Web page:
The Lay Ministry certificate for Spanish-speakers at the University of St. Thomas is the only one of its kind in the upper Midwest and perhaps in the nation. But why is it important that this program be taught in Spanish? One reason is obvious. Although some participants in these cohorts can manage basic conversations in English and a few are more fully bilingual, others have very limited facility with the English language and would not have the precision of writing and depth of reading comprehension in English necessary for college-level theology. Offering the courses in Spanish makes it possible for the students to engage much more deeply and improves learning outcomes immeasurably.

But there is an even more important reason to give members of our local Hispanic communities the opportunity to study theology in their native language. For all human beings, experience and knowledge of God is closely tied to culture, and language is an intimate part of culture. Thus, in order for these recent immigrants to best grasp theology, it is optimal that the courses be taught in their language of faith – Spanish. Not only can their learning and growth take place within their cultural context, but the theological reflection of these students stands to enrich all of us. The presence of these two cohorts presents a huge opportunity for St. Thomas, and our local church, to be transformed and explore our faith in new ways while we work to equip a new generation for service in the church.

“What has impressed me most so far in my experience teaching these students is the deep connection that they make between gaining knowledge and competence through the theological studies in order to better serve their faith communities and families,” said Dr. Christine Luna Munger, faculty member and director of the Spiritual Direction certificate at St. Catherine, who also teaches in our Lay Ministry certificate for Spanish-speakers.

As mentioned above, our Spanish-speaking Lay Ministry students pursue their studies as a cohort: Their course requirements are determined before they apply for the program and they will proceed through the program together from beginning to end. Although they do not have the option to choose electives in their program, the benefits far outweigh any potential limitations. The cohort members have bonded quickly and they have become a great source of support for their colleagues when someone gets discouraged or needs help.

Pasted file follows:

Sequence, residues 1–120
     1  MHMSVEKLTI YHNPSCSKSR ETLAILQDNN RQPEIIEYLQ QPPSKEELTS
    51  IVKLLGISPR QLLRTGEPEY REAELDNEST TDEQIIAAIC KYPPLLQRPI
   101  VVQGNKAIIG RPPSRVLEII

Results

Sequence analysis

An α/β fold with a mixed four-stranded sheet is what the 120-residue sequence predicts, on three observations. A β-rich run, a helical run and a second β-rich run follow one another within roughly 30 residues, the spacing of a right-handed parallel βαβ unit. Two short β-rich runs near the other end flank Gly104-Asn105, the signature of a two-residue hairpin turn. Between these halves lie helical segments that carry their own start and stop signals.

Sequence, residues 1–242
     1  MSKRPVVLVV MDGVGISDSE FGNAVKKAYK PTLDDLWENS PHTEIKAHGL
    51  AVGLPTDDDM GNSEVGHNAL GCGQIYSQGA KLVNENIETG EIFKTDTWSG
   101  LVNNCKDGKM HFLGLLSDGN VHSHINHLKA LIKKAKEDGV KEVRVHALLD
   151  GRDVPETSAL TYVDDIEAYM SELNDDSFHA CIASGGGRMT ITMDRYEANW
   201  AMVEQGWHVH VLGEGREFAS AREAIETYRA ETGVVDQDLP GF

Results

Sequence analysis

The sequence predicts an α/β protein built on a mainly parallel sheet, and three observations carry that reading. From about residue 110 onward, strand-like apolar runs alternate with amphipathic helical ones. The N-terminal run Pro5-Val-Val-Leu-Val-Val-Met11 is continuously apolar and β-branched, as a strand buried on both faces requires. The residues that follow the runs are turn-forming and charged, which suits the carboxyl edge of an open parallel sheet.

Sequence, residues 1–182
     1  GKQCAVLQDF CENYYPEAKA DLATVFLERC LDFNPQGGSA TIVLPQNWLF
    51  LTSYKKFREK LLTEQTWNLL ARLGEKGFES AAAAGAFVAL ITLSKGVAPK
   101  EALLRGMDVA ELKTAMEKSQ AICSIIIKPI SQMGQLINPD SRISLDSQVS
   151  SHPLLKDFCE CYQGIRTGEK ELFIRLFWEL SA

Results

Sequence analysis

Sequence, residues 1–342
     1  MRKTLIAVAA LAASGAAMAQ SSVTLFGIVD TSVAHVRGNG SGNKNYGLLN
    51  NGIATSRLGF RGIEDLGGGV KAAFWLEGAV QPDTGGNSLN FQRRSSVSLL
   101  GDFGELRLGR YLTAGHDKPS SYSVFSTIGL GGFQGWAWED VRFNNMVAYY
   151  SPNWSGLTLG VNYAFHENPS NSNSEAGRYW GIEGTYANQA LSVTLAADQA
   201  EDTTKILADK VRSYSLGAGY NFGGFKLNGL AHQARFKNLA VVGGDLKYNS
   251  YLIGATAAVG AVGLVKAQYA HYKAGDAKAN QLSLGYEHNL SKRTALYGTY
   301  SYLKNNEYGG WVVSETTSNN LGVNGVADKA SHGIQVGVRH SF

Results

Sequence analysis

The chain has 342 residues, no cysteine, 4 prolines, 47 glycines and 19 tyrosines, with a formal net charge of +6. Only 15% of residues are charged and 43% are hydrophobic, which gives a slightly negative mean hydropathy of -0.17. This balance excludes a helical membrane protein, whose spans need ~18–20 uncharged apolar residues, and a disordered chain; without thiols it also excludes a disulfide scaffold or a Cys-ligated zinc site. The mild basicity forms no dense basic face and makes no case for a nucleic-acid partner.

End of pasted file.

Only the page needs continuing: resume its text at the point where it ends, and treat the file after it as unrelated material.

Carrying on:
Our first cohort began in spring 2014 with 22 students. Five semesters later they have not lost a single member. In the world of student recruiting, a retention rate of 100 percent is amazing. Although the second cohort is only in its second semester, we are seeing the same trend emerging within it as well. In sum, the cohort model works very well.


The idea for teaching the Lay Ministry certificate in Spanish and using the cohort model first came to us in fall 2012 when Father Hugo Montero and I
were walking down the first-floor corridor of the John R. Roach Center for the Liberal Arts. Father Montero, who was teaching in the Theology Department at the time and working in Campus Ministry, lamented, “I wish we could offer theological education for the people who minister in our Spanish-speaking parishes.” “Well, why not?” I said. After that first, casual conversation, we began our planning in earnest.

Theology professor Christine Luna Munger lectures during a Hispanic Lay Ministry class.

Theology professor Christine Luna Munger lectures during a Hispanic Lay Ministry class.

At first, we encountered some challenges, mostly from outside of the university, that made us think the project would have to be abandoned. However, in fall 2013, we were given permission and support from the administration to move forward. It was an exciting moment, but also a scary one because we had no models to rely on. Did we know enough about the possible pitfalls of a project like this to plan accordingly and build a
successful program? Remarkably, doors began to open.

In early November 2013, Father Montero and I were putting the finishing touches on materials for a Lay Ministry information session that was supposed to take place that evening. We had decided in advance that we would only accept 20 in this first cohort so that we could give them the attention they needed to be successful, and we had reserved a medium-sized classroom for the meeting.